VEGF, during gonadotropin surge, controls the crucial follicles transition from preovulatory to periovulatory stage that precedes ovulation [12], [16], [27]. In this time period of 24 or 44 h, depending on species, follicle profoundly changes its morphology and function [1], [25]. Luteinizing hormone (LH) surge induces a progressive disorganization of follicle basal membrane caused by proteolityc enzymes activation. Moreover, it modifies the steroid enzymatic pathway transforming an estrogen secreting preovulatory follicle to a P4 producing periovulatory follicle [28], [29]. In addition, follicular blood vessels undergo to dramatic changes. For the first time, large blood vessels appear in follicle walls and a higher blood flow is recorded [6], [7], [10], [27], [30]. Experimental evidences show that VEGF controls this vascular remodeling [10], [11], [21], [22], [27]. Indeed, its inhibition stops endothelial cell proliferation, impairs follicle angiogenesis preventing preovulatory follicle growth and ovulation [17], [22], [31], [32]. Although VEGF role on follicle development is clearly established, the mechanisms involved in its local expression remain to be clarified. Gonadotropins seem to link follicle growth and blood vessel remodeling through VEGF expression regulation [6], [7], [27], [33], [34]. However, it remains to be clarified whether gonadotropins directly affect VEGF expression or if this angiogenic factor is indirectly influenced by follicular steroidogenesis, as suggested by in vitro [33], [35] and in vivo experiments [36]. Amongst steroids, P4 may have a role in inducing VEGF expression [37], [38], endothelial cell proliferation [39][41], and angiogenesis [19], [42]. Indeed, the administration of P4 antagonist molecule, RU486, significantly decreased VEGF synthesis in vivo, in rat ovary [43] and in monkey endometrium [37]. Even if P4 influence on ovarian blood flow was demonstrated [44][47], during the periovulatory stage, when the LH surge induces a complete inversion of follicular steroid secretion [8], the role exerted by steroids on follicular VEGF synthesis still remains to be investigated.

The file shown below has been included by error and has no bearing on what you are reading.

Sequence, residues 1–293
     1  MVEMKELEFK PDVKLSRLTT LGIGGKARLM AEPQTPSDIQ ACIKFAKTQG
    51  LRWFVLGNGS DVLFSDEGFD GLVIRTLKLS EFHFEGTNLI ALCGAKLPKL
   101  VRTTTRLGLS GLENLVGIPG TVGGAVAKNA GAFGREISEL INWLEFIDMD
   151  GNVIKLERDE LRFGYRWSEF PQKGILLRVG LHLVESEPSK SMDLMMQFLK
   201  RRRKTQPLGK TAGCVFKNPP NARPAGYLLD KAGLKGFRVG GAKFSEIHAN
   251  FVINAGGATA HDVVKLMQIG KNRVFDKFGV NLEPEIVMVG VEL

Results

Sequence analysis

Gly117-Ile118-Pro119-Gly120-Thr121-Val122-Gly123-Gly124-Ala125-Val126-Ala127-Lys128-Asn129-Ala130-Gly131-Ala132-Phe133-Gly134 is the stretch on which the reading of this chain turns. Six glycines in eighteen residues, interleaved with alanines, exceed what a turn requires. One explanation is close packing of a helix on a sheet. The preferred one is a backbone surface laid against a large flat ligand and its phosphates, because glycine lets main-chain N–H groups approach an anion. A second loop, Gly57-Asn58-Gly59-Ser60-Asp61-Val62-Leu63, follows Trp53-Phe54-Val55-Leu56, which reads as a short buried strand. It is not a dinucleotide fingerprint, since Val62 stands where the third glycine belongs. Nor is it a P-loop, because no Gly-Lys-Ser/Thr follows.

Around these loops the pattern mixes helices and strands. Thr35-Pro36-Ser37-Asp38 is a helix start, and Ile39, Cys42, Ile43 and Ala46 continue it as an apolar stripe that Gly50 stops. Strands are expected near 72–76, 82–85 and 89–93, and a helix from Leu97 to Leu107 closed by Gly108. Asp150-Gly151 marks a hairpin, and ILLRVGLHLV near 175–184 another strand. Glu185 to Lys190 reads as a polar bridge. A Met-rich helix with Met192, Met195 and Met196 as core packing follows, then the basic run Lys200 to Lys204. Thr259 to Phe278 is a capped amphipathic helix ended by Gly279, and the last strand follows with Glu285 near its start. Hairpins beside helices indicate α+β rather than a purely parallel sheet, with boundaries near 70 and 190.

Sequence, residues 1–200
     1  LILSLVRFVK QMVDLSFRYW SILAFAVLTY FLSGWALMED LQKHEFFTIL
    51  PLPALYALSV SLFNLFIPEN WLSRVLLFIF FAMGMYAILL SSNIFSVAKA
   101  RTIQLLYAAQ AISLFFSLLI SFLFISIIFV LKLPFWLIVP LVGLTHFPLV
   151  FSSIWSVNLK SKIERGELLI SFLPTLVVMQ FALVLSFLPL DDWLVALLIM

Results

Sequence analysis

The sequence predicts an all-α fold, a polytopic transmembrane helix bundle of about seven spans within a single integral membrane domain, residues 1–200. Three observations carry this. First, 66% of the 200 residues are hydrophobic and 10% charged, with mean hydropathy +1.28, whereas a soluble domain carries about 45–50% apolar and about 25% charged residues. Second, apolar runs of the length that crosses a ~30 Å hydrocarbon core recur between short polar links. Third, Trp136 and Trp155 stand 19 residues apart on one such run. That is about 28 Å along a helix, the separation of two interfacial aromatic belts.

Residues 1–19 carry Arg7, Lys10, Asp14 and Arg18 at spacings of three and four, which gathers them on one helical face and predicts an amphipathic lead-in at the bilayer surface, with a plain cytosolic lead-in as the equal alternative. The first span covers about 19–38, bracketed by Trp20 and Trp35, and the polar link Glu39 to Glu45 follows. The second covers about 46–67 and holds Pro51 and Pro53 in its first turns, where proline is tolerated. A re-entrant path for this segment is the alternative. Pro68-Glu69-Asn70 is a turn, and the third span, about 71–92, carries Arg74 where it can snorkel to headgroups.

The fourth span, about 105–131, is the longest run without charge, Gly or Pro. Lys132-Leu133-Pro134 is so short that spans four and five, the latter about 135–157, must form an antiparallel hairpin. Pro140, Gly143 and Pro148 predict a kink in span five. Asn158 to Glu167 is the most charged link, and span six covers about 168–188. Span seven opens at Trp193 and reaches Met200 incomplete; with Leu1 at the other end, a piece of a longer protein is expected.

To this aim, the present in vivo study was designed to study the effects induced by P4 antagonist administration, RU486 [48][53], on VEGF expression and angiogenesis during the transition from preovulatory to periovulatory follicles in gilts. This phase of follicle development was in vivo reproduced using a validated hormonal protocol [7], [27] able to promote antral follicular growth until the preovulatory stage (eCG injection) and ovulation (hCG treatment). Granulosa and theca VEGF contents were studied in selected follicles and its expression was correlated with follicle morphology and blood vessel organization assessed through histological, immunofluorescence and biochemical studies.

Materials and Methods

Ethical Committee

The experiments were approved by the Ethics Committee of the Universities of Teramo and Chieti-Pescara (Prot. 81/2011/CEISA/COM). All surgery was performed under sodium pentobarbital anesthesia, and all efforts were made to minimize suffering.

Animal Treatments and Ovary Collection